“By 2018, U.S. electricity and fuel should come entirely from ‘renewable energy and truly clean, carbon-free sources,’ he said. Tickets to the event encouraged attendees to ‘please use public transit, bicycling or other climate-friendly means’ to reach the lecture hall,” Mr. Gunter said.

“So how did Mr. Gore and his retinue arrive? In two Lincoln Town Cars and a full-sized SUV that sat idling with the air conditioners blasting while the Gore party was inside.

“It was 34 C in Washington. Al Gore can’t be expected to get into an overheated vehicle after he’s worked up a sweat telling others how to save the planet. …

“Apparently if the world is ever to reach the carbon-free future Mr. Gore dreams of, it will have to get there without Al’s help.”

Stuck in past

“A Barack Obama presidency could end the Iraq war, transform our national energy policy, revive America’s standing in the world — but please don’t expect the first black man in the Oval Office to move us above and beyond the civil rights era. At least that’s what Obama himself suggested [July 14] in his speech to the NAACP,” Gregory Rodriguez writes in the Los Angeles Times.

“In a campaign fueled by high expectations, Obama seemed to be trying to lower his audience’s hopes that the election of the first black president would be anything more than a symbolic milestone,” Mr. Rodriguez said.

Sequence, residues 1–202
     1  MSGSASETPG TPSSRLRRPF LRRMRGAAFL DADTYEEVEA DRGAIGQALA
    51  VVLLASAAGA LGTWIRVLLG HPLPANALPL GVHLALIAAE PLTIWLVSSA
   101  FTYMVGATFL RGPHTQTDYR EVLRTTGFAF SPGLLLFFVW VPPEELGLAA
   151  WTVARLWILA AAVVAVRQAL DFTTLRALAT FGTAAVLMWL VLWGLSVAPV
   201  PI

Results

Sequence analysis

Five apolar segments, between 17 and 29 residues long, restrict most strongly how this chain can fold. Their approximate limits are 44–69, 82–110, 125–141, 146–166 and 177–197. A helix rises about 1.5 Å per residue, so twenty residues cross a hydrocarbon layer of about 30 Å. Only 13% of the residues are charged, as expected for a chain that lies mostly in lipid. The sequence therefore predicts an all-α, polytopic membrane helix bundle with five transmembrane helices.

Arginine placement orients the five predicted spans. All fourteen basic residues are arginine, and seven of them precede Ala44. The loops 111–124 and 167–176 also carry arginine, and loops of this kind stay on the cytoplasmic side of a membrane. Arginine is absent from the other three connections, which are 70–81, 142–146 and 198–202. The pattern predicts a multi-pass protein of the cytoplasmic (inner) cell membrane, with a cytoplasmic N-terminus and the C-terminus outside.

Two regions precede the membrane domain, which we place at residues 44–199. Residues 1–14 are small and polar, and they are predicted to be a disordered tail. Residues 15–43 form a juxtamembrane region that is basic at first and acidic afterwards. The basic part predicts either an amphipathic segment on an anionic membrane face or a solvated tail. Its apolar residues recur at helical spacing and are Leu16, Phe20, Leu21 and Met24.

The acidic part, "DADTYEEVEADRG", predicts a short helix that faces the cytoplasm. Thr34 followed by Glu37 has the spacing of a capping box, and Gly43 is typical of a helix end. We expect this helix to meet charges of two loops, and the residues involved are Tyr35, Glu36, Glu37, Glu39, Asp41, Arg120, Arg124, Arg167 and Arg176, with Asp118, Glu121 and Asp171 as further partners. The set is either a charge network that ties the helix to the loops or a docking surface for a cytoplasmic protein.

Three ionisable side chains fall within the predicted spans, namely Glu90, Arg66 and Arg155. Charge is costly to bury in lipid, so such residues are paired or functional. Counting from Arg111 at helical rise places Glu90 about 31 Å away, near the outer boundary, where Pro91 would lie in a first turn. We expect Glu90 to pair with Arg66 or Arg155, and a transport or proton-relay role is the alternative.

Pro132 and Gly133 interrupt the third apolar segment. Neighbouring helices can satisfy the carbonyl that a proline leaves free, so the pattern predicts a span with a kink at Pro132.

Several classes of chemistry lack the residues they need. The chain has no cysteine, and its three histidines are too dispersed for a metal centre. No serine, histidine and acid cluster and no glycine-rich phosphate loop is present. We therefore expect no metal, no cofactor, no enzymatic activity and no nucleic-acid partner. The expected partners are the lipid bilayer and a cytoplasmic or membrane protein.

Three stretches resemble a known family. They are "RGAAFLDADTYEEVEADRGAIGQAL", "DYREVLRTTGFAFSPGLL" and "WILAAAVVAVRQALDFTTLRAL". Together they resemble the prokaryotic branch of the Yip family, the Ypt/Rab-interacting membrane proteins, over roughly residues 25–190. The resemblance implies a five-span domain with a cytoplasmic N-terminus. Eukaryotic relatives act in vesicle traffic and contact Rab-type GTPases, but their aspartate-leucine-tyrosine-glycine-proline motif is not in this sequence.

“‘Just electing me president doesn’t mean our work is over,’ he told civil rights activists.

“A day earlier, NAACP Chairman Julian Bond drove home the same point but with just a little bit more gusto. Obama’s candidacy, he assured the audience, does not ‘herald a post-civil rights America, any more than his victory in November will mean that race as an issue has been vanquished in America.’

“Given the, um, audacity of hope, it’s more than a little noteworthy that Obama and his supporters are suddenly pushing realism. Are they objectively wrong when they say an Obama victory won’t end the struggle for racial equality? Certainly not. But downplaying the symbolism and real-life racial significance of an Obama presidency ignores the fact that it would ultimately challenge the nation’s civil rights establishment, and its policies and rhetoric, which routinely question the fundamental fairness of American society.”

Church Q&A

Republican John McCain and Democrat Barack Obama will participate next month in a question-and-answer forum at Saddleback Church in Lake Forest, Calif., Pastor Rick Warren said Monday.

Mr. Warren, who oversees the 22,000-member congregation, will question the presidential candidates on Aug. 16 during the church’s Saddleback Civil Forum on Leadership and Compassion, the Associated Press reports.

Joshua DuBois, Mr. Obama’s director of religious affairs, said the senator was “looking forward to going back to Saddleback with his good friend Pastor Rick Warren.” Mr. Obama spoke at Saddleback in 2006.

Mr. Warren said the candidates didn’t want a debate format but rather the two-hour forum. The candidates are expected to appear together briefly before each takes questions from Mr. Warren for about an hour. A coin toss determined that Mr. Obama will go first.

Greg Pierce can be reached at 202/636-3285 or gpierce@washingtontimes.com.